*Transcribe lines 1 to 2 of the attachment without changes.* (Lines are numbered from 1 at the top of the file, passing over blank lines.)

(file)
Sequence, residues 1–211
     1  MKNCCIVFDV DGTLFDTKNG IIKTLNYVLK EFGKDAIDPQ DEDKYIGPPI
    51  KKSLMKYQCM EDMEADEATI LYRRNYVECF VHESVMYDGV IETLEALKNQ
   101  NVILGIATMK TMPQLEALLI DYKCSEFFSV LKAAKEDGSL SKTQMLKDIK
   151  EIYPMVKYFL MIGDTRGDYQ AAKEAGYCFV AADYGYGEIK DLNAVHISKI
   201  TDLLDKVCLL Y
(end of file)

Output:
Sequence, residues 1–211
     1  MKNCCIVFDV DGTLFDTKNG IIKTLNYVLK EFGKDAIDPQ DEDKYIGPPI